The “information loss paradox” in black holes, a problem that has plagued physics for almost 40 years, since Stephen Hawking first proposed 40 years ago that black holes could radiate energy and evaporate over time, has been questioned by new study.
Theoretically, when you shred a document you can piece it back together and burn a book, and you could theoretically do the same. Since black holes are the ultimate vaults, entities that suck in information would evaporate without leaving behind any clues, according to Hawking’s findings.
But new research shows that this perspective may not be correct. “According to our work, information isn’t lost once it enters a black hole,” says Dejan Stojkovic at the University at Buffalo. “It doesn’t just disappear.”
Stojkovic’s new study, “Radiation from a Collapsing Object is Manifestly Unitary,” appeared on March 17 in Physical Review Letters, with his Ph.D. student Anshul Saini as co-author.
The paper outlines how interactions between particles emitted by a black hole can reveal information about what lies within, such as characteristics of the object that formed the black hole to begin with, and characteristics of the matter and energy drawn inside.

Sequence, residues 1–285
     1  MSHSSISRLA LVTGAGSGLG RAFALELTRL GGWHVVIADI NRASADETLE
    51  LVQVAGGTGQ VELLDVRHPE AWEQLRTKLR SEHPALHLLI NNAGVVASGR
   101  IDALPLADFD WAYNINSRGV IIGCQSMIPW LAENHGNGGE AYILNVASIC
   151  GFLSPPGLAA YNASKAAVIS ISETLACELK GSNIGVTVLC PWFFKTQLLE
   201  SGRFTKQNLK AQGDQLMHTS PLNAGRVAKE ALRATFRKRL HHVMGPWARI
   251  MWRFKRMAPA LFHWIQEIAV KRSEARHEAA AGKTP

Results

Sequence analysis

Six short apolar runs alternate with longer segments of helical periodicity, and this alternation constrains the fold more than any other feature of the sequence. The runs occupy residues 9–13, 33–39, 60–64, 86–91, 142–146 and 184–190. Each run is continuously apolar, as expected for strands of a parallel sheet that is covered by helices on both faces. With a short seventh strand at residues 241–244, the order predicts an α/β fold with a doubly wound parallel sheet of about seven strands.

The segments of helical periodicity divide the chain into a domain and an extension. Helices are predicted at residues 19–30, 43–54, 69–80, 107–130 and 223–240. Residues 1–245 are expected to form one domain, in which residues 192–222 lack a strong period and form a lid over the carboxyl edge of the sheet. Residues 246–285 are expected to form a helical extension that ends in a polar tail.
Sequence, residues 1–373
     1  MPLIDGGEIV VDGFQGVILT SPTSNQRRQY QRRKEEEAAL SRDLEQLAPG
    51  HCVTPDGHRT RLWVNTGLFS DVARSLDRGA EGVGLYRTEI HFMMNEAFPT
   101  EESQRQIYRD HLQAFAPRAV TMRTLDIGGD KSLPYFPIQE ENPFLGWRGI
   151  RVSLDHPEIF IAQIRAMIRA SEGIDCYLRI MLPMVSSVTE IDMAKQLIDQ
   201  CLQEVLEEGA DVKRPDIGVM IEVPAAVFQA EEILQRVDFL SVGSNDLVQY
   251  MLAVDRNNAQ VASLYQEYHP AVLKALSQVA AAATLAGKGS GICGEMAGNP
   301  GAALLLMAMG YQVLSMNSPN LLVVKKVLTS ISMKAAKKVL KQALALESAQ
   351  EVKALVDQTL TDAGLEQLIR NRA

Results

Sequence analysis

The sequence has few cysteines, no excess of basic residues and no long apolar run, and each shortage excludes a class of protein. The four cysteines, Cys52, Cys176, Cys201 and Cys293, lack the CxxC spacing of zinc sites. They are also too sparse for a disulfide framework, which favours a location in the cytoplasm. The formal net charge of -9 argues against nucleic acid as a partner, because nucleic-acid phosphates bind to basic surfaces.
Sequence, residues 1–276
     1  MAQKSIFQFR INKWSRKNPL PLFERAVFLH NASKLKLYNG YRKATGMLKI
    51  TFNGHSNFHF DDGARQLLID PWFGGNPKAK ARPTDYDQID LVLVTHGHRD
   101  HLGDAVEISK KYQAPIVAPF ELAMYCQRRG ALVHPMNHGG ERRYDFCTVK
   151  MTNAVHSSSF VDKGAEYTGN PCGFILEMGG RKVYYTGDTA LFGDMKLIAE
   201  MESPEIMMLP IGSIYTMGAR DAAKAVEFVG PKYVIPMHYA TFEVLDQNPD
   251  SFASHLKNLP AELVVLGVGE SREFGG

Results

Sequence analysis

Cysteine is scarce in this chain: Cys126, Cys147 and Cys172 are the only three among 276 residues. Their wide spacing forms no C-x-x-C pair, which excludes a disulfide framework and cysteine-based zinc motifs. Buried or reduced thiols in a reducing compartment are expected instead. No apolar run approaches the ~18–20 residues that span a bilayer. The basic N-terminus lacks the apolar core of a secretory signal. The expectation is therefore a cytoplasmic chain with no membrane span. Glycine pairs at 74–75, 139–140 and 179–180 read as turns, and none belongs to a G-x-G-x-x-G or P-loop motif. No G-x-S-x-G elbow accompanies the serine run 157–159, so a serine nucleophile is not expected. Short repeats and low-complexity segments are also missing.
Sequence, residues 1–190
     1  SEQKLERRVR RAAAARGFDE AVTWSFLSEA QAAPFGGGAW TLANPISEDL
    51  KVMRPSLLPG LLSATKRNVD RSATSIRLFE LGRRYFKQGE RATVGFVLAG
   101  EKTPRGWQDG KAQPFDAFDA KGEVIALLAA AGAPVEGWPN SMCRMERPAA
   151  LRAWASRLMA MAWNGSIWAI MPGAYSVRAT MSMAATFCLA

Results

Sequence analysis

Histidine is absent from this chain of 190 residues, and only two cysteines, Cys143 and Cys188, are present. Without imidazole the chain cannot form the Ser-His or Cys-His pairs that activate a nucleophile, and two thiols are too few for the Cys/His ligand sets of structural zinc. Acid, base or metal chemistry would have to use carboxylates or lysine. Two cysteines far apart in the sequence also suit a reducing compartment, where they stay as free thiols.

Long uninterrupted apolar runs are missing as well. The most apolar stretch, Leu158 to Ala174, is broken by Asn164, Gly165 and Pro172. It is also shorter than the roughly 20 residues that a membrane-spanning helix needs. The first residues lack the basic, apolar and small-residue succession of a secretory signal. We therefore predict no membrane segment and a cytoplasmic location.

This is an important discovery, Stojkovic says, because even physicists who believed information was not lost in black holes have struggled to show, mathematically, how this happens. His new paper presents explicit calculations demonstrating how information is preserved, he says.
Hawking had concluded that the particles emitted by a black hole would provide no clues and later said he was wrong and that information could escape from black holes, leaving it open on how it’s possible to recover information from a black hole.
Stojkovic and Saini’s new paper helps to clarify the story.
Instead of looking only at the particles a black hole emits, the study also studied the subtle interactions between the particles and their research found that it is possible for an observer standing outside of a black hole to recover information about what lies within.
Interactions between particles can range from gravitational attraction to the exchange of mediators like photons between particles. Such “correlations” have long been known to exist, but many scientists discounted them as unimportant in the past.
“These correlations were often ignored in related calculations since they were thought to be small and not capable of making a significant difference,” Stojkovic says. “Our explicit calculations show that though the correlations start off very small, they grow in time and become large enough to change the outcome.”